• July

      I have had scalp psoriasis for 7 years and have tried everything!
      i changed so much and nothing but the coconut water helped!
      I admit my journey with psoriasis helped me to become super healthy but it also took a toll on my hair and wallet. I started working out 4 days a week. I quit drinking milk and eating sugar.
      I started drinking lots of water and eating fish. I quit eating fast food entirely. I dropped 3 pant sizes but the psoriasis stayed. Thinking maybe the psoriasis was my body lacking some vitamin I began researching every vitamin and started taking all kinds of vitamin and mineral supplements. I also took probiatics. I started going outside for 30-1hr a day to get enough Vitamin D- sun.
      We even built a water filtration system that filters the floured and checimals out of your water. Then i started washing my hair with health store shampoos that did more harm then anything. I went on the NO POO trend for 6 months that did nothing but make my hair super greasy with clumps of psoraiasis flakes. I got water filters for shower and tub. Finally my hair just started falling out all day long. If i ran my hand gently through my hair it would fall out and all day i would have hair falling out on my shoulders and on furniture and the floor. Thankfully i have super thick hair and the loss of hair just made my once beautiful, thick, long hair thin and limp. I finally gave up and shaved my head. I am a young adult female by the way so it was hard on my self esteem. I have never been vain or way into my looks but people do treat you different when you look different. When i heard about the miracle of coconut oil i started using it for almost everything and then i researched about coconut water and i found this sight and it changed my life. I made sure to get good coconut water not the cola brands so i went with Sprouts health food store C20 100% coconut water from young coconuts. No added sugar and low calorie. After drinking 1-2 cans a day for 1 month my hair came back to life with full force and the psoriasis was completely gone! I now wash my hair with $1 suave and it’s thick, healthy and just like i never had psoriasis! Thank you so much! Please people spread the word! Thankfully i knew better to go to the prescription writers aka Doctors and get told there is no cure or worse get prescribed something to make more problems.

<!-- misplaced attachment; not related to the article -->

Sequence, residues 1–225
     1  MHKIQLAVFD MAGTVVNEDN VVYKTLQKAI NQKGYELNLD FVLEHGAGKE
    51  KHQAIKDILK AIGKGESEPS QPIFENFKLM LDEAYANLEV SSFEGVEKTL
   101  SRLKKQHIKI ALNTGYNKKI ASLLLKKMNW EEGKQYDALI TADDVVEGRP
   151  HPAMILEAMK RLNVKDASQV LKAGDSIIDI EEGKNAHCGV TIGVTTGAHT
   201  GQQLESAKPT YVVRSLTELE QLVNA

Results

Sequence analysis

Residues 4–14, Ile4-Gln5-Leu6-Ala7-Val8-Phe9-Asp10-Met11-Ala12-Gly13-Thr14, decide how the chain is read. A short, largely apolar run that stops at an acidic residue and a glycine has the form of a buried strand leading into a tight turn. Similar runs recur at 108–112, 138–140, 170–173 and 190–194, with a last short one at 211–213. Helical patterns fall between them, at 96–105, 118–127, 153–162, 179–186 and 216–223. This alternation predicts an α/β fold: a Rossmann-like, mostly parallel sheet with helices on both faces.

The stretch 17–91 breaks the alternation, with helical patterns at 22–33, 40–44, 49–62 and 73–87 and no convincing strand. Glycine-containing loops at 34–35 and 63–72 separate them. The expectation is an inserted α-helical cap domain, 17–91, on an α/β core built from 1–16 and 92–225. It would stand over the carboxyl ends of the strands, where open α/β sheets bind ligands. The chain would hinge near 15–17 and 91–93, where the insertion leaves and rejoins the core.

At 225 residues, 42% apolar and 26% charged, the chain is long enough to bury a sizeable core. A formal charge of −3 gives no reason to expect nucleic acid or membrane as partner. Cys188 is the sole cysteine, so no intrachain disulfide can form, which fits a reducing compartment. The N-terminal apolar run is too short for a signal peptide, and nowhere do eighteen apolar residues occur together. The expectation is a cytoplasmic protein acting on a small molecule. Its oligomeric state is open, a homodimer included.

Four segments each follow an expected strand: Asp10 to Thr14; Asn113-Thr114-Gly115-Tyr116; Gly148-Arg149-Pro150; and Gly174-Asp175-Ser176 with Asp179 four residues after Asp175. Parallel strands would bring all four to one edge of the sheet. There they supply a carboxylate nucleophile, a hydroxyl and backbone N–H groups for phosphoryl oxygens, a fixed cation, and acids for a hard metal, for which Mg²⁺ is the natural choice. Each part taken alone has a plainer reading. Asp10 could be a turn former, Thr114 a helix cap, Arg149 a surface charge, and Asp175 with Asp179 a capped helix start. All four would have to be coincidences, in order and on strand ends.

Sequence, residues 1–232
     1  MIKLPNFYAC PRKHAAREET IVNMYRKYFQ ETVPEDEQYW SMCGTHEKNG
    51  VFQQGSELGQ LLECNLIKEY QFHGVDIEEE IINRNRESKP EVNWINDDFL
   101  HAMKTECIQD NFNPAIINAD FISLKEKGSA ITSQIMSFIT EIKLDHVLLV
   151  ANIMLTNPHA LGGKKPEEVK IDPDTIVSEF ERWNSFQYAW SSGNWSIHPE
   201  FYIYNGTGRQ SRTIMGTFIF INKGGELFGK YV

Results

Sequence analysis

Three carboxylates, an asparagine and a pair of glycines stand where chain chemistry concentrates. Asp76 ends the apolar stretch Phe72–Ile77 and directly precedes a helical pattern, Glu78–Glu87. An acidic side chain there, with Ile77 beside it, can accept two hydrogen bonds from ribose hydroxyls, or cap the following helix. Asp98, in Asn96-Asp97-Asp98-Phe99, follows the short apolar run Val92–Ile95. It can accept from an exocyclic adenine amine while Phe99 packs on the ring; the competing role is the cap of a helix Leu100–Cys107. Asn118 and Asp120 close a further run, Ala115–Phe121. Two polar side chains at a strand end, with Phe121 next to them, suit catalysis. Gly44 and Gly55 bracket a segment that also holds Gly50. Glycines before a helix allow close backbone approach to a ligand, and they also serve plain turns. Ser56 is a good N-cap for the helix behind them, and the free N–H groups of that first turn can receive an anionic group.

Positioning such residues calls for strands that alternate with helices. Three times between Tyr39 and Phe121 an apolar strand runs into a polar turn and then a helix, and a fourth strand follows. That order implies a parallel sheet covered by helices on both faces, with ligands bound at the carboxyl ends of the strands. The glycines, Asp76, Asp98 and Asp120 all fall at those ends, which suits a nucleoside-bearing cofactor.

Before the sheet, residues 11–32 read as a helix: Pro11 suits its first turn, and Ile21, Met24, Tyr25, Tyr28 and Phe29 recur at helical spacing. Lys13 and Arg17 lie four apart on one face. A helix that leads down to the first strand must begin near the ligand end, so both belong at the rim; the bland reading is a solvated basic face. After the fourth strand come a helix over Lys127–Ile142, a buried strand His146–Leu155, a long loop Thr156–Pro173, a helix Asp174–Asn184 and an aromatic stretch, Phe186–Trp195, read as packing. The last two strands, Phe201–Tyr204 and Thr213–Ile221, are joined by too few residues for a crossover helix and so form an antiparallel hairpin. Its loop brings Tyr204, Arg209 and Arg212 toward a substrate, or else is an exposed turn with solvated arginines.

• Edith Thurman

        I’ve been drinking coconut water every day for about 3 years now it has helped moisturize my skin, but I still have psoriasis! So I don’t know if that was your cure or not.

    • Jan Watson

      I used to suffer from psoriasis for about 15 years so I have tried every single cream & ointment there is. Unfortunately almost every cream had little effect at all but thankfully I was actually able to completely cure my psoriasis after my cousin told me how she cured hers. I only had to do 2 things:

      1. Use a humidifier in your house. This will add moisture to the air and to your skin without you knowing.

      2. Follow every step in the free video & guide seen at

      Try those two steps and hopefully you will get as much luck with getting rid of psoriasis as i did. Just remember psoriasis does not have to be a permanent problem, creams may slightly ease symptoms occasionally (as does fish oil capsules) but you really need to tackle the root cause.

      • Edith Thurman

        Thats a load of crap and you should not be posting a sales add! If I could I would report you!!!

    • Jan Watson

      P.S. I also vouch for tea tree oil!

    • Amber

      What store can I find that African black soap shampoo at? I need it quicker than Amazon can ship it to me, also does it matter if it’s not organic? I found one that says all the same things except it’s a dark color instead of the light one you posted and it doesn’t say organic.

      • foxydiva

        Try Walgreen’s or CVS… At times they have that whole line buy one get one free…

    • TM

      T-Gel doesn’t work for me. In fact it makes it worse. I normally use MG217. Have you tried it?
      You can read about how I cope with P on my website